Legal threat against security researcher claims he violated lock's copyright



How dare you find flaws in my product, I will smite you!


The Ars Technica article has attracted some commentary from Mike Davis
himself, who speculates that the real issue is that the locks were not
designed to be upgraded in the field, and that his discovery might put
the manufacturer in the difficult position of having to replace the
locks, rather than upgrading them.

Boo f’n hoo. It’s not the government’s job to protect corporations from customers angry about badly manufactured items. Not to mention the fact that the DMCA goes so very far afield as to the purpose of constitutional purpose of copyright (hint: it’s not for corporations to make money in perpituity), how does copyright apply to a DEVICE? That’s a stretcher right there.


Personally, I’m absolutely fine with the DMCA being used in this instance, as long as it’s being used for the right reasons.

In my opinion, the lock manufacturer has every right to protect their intellectual property–in this case a poorly designed lock, apparently–against reverse engineering by someone looking to reproduce it and sell it. I do not agree that it should apply in this instance–especially if the property is not being used or reproduced for manufacture–because it’s a review (which can be produced for profit.)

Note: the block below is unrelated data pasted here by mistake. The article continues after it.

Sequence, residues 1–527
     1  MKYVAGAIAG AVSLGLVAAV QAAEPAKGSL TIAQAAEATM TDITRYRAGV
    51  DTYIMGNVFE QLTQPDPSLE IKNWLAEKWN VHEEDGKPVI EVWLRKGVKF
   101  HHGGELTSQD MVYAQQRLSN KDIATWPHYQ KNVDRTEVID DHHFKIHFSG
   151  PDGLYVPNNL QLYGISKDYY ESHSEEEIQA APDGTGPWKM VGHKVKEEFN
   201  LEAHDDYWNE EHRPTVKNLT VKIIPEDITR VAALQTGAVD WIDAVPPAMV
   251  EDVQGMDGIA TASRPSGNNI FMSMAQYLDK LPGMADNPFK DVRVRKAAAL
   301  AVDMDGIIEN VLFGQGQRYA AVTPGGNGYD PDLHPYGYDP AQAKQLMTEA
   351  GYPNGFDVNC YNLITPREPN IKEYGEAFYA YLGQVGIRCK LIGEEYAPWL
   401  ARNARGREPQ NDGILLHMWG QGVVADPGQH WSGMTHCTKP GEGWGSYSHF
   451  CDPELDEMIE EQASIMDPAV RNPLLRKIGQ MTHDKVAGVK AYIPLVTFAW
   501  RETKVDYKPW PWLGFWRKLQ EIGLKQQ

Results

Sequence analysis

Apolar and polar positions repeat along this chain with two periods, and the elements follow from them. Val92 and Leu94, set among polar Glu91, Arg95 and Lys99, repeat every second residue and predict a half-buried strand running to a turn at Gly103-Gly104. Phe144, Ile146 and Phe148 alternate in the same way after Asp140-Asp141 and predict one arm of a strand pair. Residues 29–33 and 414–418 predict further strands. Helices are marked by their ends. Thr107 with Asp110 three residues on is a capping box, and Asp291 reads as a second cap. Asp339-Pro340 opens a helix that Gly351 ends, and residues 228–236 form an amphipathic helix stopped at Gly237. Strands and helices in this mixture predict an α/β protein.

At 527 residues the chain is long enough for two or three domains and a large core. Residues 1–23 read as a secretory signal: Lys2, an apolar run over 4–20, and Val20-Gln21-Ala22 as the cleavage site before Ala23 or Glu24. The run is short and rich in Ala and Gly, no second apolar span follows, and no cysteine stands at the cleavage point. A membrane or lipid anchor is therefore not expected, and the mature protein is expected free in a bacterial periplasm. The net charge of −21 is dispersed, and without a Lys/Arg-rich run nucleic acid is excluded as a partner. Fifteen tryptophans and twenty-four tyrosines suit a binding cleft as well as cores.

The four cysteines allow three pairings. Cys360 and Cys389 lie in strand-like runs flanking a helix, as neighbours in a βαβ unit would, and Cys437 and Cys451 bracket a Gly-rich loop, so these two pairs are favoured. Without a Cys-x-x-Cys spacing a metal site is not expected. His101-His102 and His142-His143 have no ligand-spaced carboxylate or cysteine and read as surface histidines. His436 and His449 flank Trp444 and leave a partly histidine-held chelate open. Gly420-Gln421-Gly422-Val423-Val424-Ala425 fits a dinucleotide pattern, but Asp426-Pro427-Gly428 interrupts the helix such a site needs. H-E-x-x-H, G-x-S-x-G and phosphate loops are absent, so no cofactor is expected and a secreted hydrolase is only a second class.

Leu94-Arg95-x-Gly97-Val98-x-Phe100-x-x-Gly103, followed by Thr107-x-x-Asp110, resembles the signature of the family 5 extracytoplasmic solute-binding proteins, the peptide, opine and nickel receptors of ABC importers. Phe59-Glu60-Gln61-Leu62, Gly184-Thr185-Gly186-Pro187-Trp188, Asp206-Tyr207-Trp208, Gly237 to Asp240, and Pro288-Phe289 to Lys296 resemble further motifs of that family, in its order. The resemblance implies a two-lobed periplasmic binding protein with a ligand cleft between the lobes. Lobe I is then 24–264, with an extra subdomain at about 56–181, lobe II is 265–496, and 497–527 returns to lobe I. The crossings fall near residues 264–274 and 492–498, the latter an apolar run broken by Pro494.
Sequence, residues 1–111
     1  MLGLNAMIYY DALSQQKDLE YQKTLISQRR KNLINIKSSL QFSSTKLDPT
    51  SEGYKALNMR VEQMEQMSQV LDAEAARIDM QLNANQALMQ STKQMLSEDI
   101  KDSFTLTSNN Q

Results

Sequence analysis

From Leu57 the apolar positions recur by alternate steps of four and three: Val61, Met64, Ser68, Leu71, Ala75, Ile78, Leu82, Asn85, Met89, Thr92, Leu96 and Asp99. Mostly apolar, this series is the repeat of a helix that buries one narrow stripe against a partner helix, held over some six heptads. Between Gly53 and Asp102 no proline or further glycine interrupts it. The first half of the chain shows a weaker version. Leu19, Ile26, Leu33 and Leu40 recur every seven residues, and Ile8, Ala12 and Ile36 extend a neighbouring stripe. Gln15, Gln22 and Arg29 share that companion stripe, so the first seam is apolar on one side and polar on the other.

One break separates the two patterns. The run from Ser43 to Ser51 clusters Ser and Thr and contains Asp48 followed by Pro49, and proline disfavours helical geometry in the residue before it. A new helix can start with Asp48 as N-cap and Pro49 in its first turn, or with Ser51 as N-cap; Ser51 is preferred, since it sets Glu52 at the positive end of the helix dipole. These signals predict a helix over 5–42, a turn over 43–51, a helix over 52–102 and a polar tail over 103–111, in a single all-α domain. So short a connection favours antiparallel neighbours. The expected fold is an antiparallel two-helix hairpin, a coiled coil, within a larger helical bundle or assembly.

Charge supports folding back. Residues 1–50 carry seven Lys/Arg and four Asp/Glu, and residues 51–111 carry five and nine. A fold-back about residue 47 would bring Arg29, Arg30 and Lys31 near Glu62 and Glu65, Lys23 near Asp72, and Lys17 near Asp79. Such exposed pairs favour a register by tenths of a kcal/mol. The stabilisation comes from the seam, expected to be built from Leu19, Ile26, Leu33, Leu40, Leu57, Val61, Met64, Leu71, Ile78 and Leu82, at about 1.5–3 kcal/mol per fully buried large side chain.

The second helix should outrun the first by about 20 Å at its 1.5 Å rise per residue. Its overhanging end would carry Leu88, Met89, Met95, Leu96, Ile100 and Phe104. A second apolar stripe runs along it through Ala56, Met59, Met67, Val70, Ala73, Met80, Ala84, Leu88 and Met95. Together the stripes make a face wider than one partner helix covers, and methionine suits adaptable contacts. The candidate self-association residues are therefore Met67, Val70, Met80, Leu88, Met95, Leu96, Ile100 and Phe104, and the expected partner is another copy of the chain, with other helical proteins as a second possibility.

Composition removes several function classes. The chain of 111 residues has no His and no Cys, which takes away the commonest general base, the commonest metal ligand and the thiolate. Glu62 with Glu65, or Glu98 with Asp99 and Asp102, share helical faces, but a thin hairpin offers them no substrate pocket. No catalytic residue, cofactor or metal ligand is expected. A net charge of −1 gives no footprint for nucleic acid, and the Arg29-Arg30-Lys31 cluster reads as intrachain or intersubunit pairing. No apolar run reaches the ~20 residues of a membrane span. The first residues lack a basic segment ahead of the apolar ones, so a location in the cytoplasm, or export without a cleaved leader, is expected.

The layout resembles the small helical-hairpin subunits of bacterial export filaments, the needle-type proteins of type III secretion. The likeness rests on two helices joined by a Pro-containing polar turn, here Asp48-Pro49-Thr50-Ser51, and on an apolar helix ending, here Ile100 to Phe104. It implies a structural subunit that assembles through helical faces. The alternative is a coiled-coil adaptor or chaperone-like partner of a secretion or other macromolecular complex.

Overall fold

Otherwise, how can you justify movie reviews which seek to make money by reviewing poorly designed digital content like Fast and Furious 7–which is protected by the DMCA?

It only stops companies from selling BR-ripping software to Americans. I believe DVD ripping tools are legal to sell, as per this update to DVDFab:

PS 'muricans, You’re welcome that the rest of the world ignores your silly laws:

1 Like

As a useful object, ISTM that the proper protection available for a lock would be based on PATENT rather the COPYRIGHT law…

1 Like

I was under the strong impression that lockpicking groups like Toool and others had trusted members regularly given new locks by the industry to intentionally find flaws. Forensic lockpicking is a legitimate profession, after all, they don’t just make high security locks with new designs without paying someone to try to exploit them and make sure they work.